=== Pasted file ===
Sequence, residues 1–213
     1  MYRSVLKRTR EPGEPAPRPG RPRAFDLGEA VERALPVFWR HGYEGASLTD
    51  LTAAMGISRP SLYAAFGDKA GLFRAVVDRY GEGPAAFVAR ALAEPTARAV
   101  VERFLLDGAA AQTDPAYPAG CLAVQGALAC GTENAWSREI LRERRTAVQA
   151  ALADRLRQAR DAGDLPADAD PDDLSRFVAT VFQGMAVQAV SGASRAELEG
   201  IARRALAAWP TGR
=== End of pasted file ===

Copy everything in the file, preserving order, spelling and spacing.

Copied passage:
Sequence, residues 1–213
     1  MYRSVLKRTR EPGEPAPRPG RPRAFDLGEA VERALPVFWR HGYEGASLTD
    51  LTAAMGISRP SLYAAFGDKA GLFRAVVDRY GEGPAAFVAR ALAEPTARAV
   101  VERFLLDGAA AQTDPAYPAG CLAVQGALAC GTENAWSREI LRERRTAVQA
   151  ALADRLRQAR DAGDLPADAD PDDLSRFVAT VFQGMAVQAV SGASRAELEG
   201  IARRALAAWP TGR